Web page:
APPS sends a letter to the SRC

SRC 5-24-18


June 18, 2018

Dear SRC Chair Richman, Commissioner Neff, Commissioner Burns, and Commissioner Green,

The SRC has scheduled a special meeting for 1 PM on June 21 for the purpose of voting on the 2017-18 cohort of charter renewals.  As yet, no resolutions have been posted for that meeting. Nor is there a resolution posted for the charter amendment requested by Discovery Charter.

A June 11 Philadelphia Public School Notebook/WHYY story about the new charter rating system, “Philadelphia School District Nears New Accountability for Charters”, reports that there have been ongoing negotiations with charter operators about the district’s rating system.

The Notebook quotes both district and charter officials who confirm that negotiations between them about revamping the rating system have taken place without any public notification or inclusion.

In that spirit, the standard charter agreement has undergone “more than 60 negotiated changes” over the past year, according to Estelle Richman, chair of the soon-to-be dissolved School Reform Commission.

“These charter agreements incorporate a revised performance framework which provides charter schools with transparent and predictable accountability and ensures charter schools are quality options for students and families,” she said in a statement.

… If charters accept the terms in this revamped rubric — known as the “charter school performance framework” — the District will have a clear and mutually agreeable road map for deciding whether a school should close when its term expires or remain open for another five years.

If charters blanch at the deal, the incoming school board will inherit a dispute fraught with political implications and real-world consequences for tens of thousands of children.

 There are a limited number of items the SRC is permitted to deliberate on in non-public meetings, including personnel and legal matters.  “Charter rating system” is not one of them.

We understand that the district has also held convenings with charter operators in recent years, without public notice or inclusion, to discuss issues including the district’s rating system.

We ask that you respond to the following questions:

  • When were the changes in the rating system negotiated by district and charter officials? How many meetings took place?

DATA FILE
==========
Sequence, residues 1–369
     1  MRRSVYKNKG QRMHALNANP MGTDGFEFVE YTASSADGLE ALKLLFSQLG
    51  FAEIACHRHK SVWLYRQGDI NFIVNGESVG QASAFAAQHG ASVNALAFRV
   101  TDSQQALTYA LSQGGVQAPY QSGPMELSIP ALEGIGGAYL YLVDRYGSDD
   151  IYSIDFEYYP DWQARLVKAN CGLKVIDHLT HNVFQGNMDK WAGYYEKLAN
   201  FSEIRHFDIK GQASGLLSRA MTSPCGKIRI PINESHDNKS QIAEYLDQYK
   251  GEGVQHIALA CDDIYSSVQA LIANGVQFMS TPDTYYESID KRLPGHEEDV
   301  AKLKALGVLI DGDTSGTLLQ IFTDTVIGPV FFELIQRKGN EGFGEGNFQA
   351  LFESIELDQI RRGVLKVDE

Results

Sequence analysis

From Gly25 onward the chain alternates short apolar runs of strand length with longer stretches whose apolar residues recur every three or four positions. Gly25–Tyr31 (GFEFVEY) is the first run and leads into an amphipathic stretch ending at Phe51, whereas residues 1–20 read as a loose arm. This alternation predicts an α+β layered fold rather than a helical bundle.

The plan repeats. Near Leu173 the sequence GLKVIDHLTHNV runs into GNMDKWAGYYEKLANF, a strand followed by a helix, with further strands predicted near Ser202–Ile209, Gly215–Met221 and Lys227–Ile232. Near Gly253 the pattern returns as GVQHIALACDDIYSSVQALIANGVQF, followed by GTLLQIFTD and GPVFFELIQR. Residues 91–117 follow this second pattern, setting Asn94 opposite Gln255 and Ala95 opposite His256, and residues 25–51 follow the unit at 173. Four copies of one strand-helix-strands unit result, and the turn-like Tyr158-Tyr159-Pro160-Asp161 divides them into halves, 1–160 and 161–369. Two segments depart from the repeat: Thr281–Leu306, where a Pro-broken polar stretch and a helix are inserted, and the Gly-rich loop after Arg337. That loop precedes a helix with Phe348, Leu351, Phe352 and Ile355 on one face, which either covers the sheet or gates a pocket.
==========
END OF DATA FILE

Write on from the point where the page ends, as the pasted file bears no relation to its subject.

• Who was present during these negotiations?
  • Why were these meetings, about a major policy change, kept secret from the public?
  • Charter operators maintain that charters are public schools. Why would policy changes about any public schools be conducted in private?
  • Why does the SRC allow the charter operators—the entities who are regulated—to determine how they will be regulated?

Could you please send the dates and minutes for all meetings or convenings held by the district for charter operators which were not posted as public meetings?

Lisa Haver
Karel Kilimnik

There has been no response from the SRC.

Resolutions were posted  June 19th after this letter was sent. If you want to speak on these resolutions you must call 215-400-4010 by Wednesday, June 20th before 1 PM.


APPS News: April 2018


by Karel Kilimnik
April 13, 2018

End of the Line

As the lame-duck SRC limps towards the finish line, millions  of taxpayer dollars continue to flow into the pockets of  private vendors. Case in point: Carnegie Learning contract to provide professional development services to approximately 1500 K-8 Algebra I teachers in support of the District’s annual summer mathematics initiative” received another $3 million at the March 15 SRC meeting  (B-3). Carnegie has pocketed $15 million from District contracts over the past two years. Carnegie has little investment in public schools other than increasing their own corporate footprint. Why can’t those funds be used to hire experienced Math teachers and coaches who work for the district and know the students, the schools and the curriculum?